IL-2 therapy combined with PD-L1 blockade enhances antiviral CD8 T cell responses during chronic LCMV infection. C57BL/6 mice were infected with LCMV cl-13, and beginning on day 23 to 27 after infection, the mice were treated with 200 μg anti–PD-L1 antibody every 3 days for 12 days (5 total treatments). All IL-2–treated groups were given 1.5 × 104 IU IL-2 (i.p.) once a day for the last 8 days of anti–PD-L1 treatment. (A) Frequency of H-2Db GP33-specific CD8 T cells in the blood 1 day after last treatment (gated on CD8 cells). (B) Number of H-2Db GP33- and GP276-specific CD8 T cells in the blood 1 day after last treatment. (C) Number of LCMV-specific CD8 T cells (GP33 and GP276 combined) in the spleen and lung 1 day after last treatment. (D) Representative dot plots of IFN-γ– and TNF-α–producing CD8 T cells in the spleen after ex vivo restimulation with the indicated peptides. (E) Viral titer in the serum 1 day after last treatment, as quantified by plaque assays using Vero E6 cells. Individual symbols represent individual mice, and horizontal bars represent the mean. The dashed line represents the limit of detection for the assay. Results are representative of 3 separate experiments, with at least 4 mice per group per experiment. *P < 0.05; **P < 0.01; ***P < 0.001.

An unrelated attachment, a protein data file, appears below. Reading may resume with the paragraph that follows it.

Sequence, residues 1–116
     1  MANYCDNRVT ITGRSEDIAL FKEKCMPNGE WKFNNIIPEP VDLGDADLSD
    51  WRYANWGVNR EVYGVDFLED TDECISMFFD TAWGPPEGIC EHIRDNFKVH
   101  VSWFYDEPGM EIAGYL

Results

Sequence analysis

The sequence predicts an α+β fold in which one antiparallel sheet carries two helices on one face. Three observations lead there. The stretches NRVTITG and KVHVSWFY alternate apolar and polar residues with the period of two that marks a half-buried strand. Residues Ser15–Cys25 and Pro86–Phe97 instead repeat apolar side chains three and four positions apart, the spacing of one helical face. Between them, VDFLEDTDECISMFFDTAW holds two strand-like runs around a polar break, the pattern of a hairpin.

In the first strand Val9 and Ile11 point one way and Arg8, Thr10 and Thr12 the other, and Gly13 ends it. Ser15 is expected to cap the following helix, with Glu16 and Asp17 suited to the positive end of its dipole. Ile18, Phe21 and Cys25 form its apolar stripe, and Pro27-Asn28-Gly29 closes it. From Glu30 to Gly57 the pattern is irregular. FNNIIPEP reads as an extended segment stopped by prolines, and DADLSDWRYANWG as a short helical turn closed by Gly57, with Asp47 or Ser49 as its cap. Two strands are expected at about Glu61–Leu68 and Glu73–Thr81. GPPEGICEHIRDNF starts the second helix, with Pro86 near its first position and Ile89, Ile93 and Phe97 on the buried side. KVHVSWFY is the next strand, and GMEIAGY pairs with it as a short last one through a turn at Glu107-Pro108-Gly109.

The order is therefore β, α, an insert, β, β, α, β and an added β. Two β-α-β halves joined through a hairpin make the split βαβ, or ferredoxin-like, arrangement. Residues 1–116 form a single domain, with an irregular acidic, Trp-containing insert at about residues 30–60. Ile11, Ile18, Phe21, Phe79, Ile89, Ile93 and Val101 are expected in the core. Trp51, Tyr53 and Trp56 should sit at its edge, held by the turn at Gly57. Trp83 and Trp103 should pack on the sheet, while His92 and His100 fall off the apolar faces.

IL-2 therapy and PD-L1 blockade have distinct effects on virus-specific CD8 T cell expansion and viral loads during chronic LCMV infection. Transient depletion of CD4 T cells in mice before infection with LCMV cl-13, leads to a deeper exhaustion of LCMV-specific CD8 T cells and high levels of viremia for the life of the mouse. We next tested the ability of combined IL-2 therapy and PD-L1 blockade to rescue LCMV-specific CD8 T cells in the absence of CD4 T cell help during chronic LCMV infection (“unhelped” chronic infection model). To address this, we transiently depleted mice of CD4 T cells, using an anti-CD4 depleting antibody, prior to infection with chronic LCMV cl-13. Following 60 days after infection, when CD4 T cell numbers returned to normal but no LCMV-specific CD4 T cells existed, we began treating the mice with PBS/isotype control, IL-2 alone, PD-L1 blockade alone, or combined IL-2 therapy and PD-L1 blockade. The appropriate groups were given PD-L1 blocking antibody once every 3 days for 5 total treatments, and 15,000 IU IL-2 was given every 12 hours i.p. continuously during the 12 days of PD-L1 blockade (Figure 2A). This regimen of treatment was decided upon after determining that IL-2 administration given continuously during PD-L1 blockade resulted in increased LCMV-specific CD8 T cells compared with IL-2 given early after, in the middle of, or late after the start of PD-L1 blockade (Supplemental Figure 3, A–D). Furthermore, administration of IL-2 every 24 hours had less effect on the LCMV-specific CD8 T cells than giving IL-2 every 12 hours in this model of more severe CD8 T cell exhaustion (data not shown).